Manage your stress * Enliven your passions, projects and relationships
Manage your stress * Enliven your passions, projects and relationships

Your procrastination is telling you something important

Jessmina p[rocrastination

Everyone procrastinates sometimes. Surprisingly, there’s reasons it’s there, and it varies greatly from person to person on it’s source.There’s some interesting things it might mean about you when you’re procrastinating, but first, I’ll share some tactics you can use to help yourself stop your procrastinating.

Let’s go! If you’re set on beating the ‘distraction demon’, here are a few things for you to try:

Have Compassion

Feelings like; loss of interest in once-stimulating activities, lack of motivation, fatigue, and problems concentrating are common.

But combined with pessimism, anxiety and perfectionism this can be a near-perfect recipe for depression. When feeling depressed there’s a depression-procrastination cycle. That’s where depression leads to procrastination, which in turn creates more depression, which causes more procrastinating, and so on.

Self care, mindfulness and self compassion are required. Be gentle with yourself and create some time for your favorite ways to decompress. If you’re looking for some new ways to do that go here for my free ebook.

Divide Up The Task

Often, when procrastinating, if you feel you’re facing a massive task. Some part of you doesn’t think you’ll be able to finish well.

Put a stop to this thinking. You’re totally capable.

Make it easier by breaking up the task into more manageable pieces.

For example, if you want to clear out a room, resolve to clean one of the four corners each day instead of trying to tackle it all at once.

This tactic can help make any task more manageable and feel less overwhelming.

ONE THING AT A TIME can be rewarding. Speaking of rewards..

Give yourself rewards.

Like, you can go eat a piece of chocolate after you finish writing the blog (what I’m promising myself right now). Or, once I complete this report, I’ll take a break. Or, once I paint this room, I’m going to splurge on that awesome painting for the big wall. Make it good. Something that turns you on.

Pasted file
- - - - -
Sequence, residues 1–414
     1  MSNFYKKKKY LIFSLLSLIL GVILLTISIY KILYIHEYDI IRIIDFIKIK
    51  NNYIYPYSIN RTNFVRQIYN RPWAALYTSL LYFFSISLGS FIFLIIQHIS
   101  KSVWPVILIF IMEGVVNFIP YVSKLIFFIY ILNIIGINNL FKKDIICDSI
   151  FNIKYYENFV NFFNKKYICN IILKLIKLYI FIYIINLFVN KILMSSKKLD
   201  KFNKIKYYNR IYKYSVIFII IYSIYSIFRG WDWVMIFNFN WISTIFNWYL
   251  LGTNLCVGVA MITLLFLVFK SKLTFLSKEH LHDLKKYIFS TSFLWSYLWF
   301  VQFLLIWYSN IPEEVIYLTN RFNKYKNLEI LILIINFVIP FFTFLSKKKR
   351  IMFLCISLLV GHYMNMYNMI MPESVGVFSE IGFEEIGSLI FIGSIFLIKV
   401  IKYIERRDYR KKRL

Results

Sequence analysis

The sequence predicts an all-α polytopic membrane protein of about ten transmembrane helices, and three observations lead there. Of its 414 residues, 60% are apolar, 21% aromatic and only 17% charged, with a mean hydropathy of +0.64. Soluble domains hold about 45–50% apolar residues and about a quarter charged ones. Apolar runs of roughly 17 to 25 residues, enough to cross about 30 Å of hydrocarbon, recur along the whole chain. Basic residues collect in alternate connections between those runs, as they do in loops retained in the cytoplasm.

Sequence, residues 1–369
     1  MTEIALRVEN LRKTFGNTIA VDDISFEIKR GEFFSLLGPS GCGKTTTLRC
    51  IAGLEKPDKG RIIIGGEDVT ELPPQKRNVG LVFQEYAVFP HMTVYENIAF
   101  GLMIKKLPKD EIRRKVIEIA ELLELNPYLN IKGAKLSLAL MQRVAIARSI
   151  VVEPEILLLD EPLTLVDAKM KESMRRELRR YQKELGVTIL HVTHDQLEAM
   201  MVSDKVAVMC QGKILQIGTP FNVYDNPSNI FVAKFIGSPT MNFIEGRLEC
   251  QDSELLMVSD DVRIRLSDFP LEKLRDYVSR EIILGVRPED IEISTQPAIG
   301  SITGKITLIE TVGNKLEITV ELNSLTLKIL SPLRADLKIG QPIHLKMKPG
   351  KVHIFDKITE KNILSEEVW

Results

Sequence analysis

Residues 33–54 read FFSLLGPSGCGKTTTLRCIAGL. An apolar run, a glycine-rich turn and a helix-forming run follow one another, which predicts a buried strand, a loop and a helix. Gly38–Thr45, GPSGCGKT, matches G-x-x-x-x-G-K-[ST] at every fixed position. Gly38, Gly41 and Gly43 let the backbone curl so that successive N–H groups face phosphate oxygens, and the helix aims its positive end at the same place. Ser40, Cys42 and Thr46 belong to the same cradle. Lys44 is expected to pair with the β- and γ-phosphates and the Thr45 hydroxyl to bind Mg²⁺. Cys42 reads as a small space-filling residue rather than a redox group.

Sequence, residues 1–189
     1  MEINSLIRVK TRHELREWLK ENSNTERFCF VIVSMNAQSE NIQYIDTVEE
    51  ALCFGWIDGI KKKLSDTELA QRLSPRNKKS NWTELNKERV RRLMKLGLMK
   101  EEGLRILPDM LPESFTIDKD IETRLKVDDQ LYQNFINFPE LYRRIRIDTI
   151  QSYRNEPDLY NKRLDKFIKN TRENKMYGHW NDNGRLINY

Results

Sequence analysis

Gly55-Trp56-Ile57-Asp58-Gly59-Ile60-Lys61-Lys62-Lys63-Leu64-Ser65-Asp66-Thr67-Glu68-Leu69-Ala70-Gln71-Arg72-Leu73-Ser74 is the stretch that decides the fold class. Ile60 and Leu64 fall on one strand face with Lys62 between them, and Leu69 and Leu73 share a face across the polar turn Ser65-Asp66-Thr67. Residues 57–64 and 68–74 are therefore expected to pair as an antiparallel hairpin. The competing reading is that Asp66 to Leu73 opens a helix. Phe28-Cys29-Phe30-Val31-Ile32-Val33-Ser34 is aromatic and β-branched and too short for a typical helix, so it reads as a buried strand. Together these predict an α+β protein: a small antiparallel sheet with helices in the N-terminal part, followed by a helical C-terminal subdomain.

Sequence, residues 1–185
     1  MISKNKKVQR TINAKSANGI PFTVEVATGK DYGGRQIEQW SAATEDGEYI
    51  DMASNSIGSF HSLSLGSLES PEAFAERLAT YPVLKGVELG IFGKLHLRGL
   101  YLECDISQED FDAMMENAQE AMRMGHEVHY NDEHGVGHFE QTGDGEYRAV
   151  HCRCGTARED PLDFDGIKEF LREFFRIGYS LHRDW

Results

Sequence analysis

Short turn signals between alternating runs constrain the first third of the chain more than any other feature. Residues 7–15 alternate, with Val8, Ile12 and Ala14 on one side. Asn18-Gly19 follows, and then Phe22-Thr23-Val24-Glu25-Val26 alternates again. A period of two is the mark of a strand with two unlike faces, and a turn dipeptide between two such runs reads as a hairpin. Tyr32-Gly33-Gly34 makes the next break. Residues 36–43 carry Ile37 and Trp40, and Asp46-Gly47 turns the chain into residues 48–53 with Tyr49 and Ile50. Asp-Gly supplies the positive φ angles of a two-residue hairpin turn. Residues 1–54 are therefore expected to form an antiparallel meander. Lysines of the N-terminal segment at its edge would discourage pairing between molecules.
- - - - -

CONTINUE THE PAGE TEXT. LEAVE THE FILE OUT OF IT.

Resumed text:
Make A Deadline or schedule

You tell yourself, I’ll do it “later.” You could, instead, set a strict timeline for yourself, with sections of your goal having deadlines.

This way, you know definitely when you’ll be completing something. It may also help to have a small break for yourself along the way. An example could be like, a beautiful, magical woman trying to create images for her website. And for each webpage she completes, she could reward herself with fifteen minutes of phone time. She may need a timer for her breaks, so she doesn’t fall down the rabbit hole, though. (who me?)

on the phone with painted nails

Also, don’t underestimate the fact that calendaring is powerful. When it goes on your calendar it’s more real. You can create a daily rhythmic schedule based on your bio-rhythms. Like, for example, if you really are a morning person, you own it and do the productive stuff then. If you always feel fried and frazzled at 3pm, don’t try to be productive at that time! If this approach appeals to you, I’ve got a time-bending workshop you’ll love. Here!

Stop Your Common Distractions

Sometimes, when you procrastinate, it’s for the same reasons each time. Like when you were going to clean the kitchen, but then you just had to check your phone. Down the rabbit hole again! Put a stop to this by eliminating common distractions or procrastination tactics for yourself. If the phone is a distraction for you, maybe it’s time to put it in another room.

Other people can be a distraction too. Boundaries are important. Tell coworkers or other distractors what you’re working on and how you have to keep going with your work…and no, you can’t help them with their fabricated emergency right now. (this has an added benefit of accountability, I’ll get in to that in a minute.)